The road here involved several divergent paths that reflected our historical tendency at all levels of education to teach the knowledge and skills of a language apart from the more functional, social and pragmatic levels. There is now greater appreciation, reflected in the writings of these contributing writers, to anchor language learning in ways that are meaningful and situated in settings that allow for listening, practicing and connecting prior knowledge with new experience. In part this reflects a paradigm shift in how second-language learning and acquisition is understood, representative of groundbreaking work by researchers such as Stephen Krashen and Jim Cummins, who tackled comprehension of language from the social environment of the learner.
←vii | viii→The pragmatics (or meanings of language in social situations) opened the door to considering the cultural influences of communication, ushering in research that sought to address a more interdisciplinary perspective in the understanding of language, ranging from neuroscience to psychology to linguistics to sociology and anthropology (e.g., Chomsky, 1965; Hynes, 1972).
We have recognized this important aspect of language teaching, learning and experience in the past half-century. It has helped to shed light on the ways in which the cultural elements must be communicated within a language system and the broader implications for language teaching. Several of the chapters address this importance of culture and the point to be made, collectively, is that language learning as an opportunity for cultural exchange and contact with other educational systems allows for rich and deep experience for students—including international study.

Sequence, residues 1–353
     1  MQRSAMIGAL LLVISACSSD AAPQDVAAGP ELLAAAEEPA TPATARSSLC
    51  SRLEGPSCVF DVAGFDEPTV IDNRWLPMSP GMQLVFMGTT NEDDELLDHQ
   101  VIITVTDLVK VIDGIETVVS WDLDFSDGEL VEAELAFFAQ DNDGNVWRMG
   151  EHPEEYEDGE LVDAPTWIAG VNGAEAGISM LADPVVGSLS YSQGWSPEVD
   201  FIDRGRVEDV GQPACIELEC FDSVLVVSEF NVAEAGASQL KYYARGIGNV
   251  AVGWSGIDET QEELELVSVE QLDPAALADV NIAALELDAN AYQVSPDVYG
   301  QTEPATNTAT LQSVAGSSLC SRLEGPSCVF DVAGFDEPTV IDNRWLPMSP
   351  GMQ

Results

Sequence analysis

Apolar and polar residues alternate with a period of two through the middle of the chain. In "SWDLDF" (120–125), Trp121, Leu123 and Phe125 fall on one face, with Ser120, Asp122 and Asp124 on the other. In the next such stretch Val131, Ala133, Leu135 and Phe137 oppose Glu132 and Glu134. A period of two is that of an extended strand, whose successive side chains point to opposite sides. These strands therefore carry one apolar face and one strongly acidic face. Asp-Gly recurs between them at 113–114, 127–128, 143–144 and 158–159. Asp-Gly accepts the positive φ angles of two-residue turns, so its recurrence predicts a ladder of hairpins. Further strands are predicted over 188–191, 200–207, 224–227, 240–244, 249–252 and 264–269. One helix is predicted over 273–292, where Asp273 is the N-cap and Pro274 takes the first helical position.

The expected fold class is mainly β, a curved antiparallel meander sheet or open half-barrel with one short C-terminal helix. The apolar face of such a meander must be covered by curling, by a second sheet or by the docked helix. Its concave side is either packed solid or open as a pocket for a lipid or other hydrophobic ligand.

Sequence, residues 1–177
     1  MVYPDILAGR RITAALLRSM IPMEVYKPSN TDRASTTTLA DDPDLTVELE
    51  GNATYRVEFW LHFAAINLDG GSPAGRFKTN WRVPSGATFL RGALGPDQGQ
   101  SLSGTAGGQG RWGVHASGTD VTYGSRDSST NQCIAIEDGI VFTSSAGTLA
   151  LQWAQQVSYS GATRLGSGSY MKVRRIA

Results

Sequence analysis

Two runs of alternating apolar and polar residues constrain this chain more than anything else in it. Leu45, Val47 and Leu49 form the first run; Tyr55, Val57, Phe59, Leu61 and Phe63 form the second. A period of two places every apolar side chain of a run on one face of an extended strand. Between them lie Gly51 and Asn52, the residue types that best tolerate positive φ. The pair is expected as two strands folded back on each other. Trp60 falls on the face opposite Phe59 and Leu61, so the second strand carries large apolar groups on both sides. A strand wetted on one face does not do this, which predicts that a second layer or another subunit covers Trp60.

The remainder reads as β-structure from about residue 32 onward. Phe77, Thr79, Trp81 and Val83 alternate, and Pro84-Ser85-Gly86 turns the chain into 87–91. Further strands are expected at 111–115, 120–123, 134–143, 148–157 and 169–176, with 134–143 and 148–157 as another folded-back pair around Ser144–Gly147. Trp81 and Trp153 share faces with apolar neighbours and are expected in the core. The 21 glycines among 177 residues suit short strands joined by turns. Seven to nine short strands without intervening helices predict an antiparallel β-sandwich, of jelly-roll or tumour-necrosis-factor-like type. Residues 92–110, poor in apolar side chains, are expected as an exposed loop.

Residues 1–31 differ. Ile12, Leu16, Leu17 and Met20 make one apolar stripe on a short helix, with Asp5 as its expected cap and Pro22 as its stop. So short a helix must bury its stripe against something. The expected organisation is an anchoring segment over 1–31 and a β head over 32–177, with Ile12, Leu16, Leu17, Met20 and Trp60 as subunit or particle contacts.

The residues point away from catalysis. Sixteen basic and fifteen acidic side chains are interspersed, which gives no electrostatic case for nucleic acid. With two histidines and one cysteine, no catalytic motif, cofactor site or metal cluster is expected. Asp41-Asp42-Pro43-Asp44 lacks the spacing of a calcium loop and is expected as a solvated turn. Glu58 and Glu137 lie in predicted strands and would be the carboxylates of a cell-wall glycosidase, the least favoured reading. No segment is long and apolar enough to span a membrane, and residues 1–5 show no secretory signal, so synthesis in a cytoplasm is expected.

A second path has been followed and illuminated in this collection of innovative and thoughtfully researched studies: international education in higher education. There has been an explosion of research interest in this field over the past two decades, paralleling the expansion of students around the world attending colleges and universities, the movement toward globalization in intellectual capital, and the intensified competition in international markets. While the number of publications on international education has dramatically increased—from 68 in 2002, for example, to 472 a decade later—(Kuzhabekova, Hendel, & Chapman, 2015) the proliferation has largely been by networks within national boundaries and mostly Western countries. There has been a clamoring by U.S. institutions to recruit international students in recent years, accentuating the challenges of internationalizing campuses and curriculum. Apart from the economic benefits, scholars have connected these more global trends of internationalism in higher education to areas such as elitist education (e.g., Maxwell, Deppe, Krüger, & Helsper, 2017) and the tensions that are created in the effort to integrate international students into a host country’s educational system. As has been pointed out, the research literature on international student participation in higher education has tended to focus on their differences rather than their participation, their language competence and culture of origin: a discourse of deficit (Straker, 2016). Using a sociocultural approach, allowing students to participate in the collaborative learning and, often, the research of linguistic and cultural education, can lead to a deeper and richer understanding of the internationalizing of higher education in the United States and elsewhere. That is what this volume clearly attempts to do—with no small measure of success.